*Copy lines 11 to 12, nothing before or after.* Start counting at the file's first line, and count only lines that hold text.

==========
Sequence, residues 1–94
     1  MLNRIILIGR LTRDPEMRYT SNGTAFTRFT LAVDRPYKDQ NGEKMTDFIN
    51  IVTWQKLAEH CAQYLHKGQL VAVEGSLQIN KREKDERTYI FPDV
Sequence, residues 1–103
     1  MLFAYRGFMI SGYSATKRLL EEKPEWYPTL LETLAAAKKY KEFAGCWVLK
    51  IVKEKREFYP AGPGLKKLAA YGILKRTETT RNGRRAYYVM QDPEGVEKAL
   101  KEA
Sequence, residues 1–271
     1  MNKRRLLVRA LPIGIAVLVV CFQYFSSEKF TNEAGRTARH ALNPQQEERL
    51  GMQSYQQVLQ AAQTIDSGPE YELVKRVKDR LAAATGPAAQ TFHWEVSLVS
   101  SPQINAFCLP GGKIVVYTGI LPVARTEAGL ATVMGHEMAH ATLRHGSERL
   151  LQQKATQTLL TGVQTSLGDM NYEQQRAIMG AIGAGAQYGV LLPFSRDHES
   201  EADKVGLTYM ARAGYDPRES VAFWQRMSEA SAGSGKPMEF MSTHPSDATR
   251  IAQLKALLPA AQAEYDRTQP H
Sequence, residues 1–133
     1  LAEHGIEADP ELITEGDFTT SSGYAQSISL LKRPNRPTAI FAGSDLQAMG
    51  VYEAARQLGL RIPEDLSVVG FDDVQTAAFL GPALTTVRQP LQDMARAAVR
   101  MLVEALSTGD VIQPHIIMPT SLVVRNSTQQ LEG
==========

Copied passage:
   101  SPQINAFCLP GGKIVVYTGI LPVARTEAGL ATVMGHEMAH ATLRHGSERL
   151  LQQKATQTLL TGVQTSLGDM NYEQQRAIMG AIGAGAQYGV LLPFSRDHES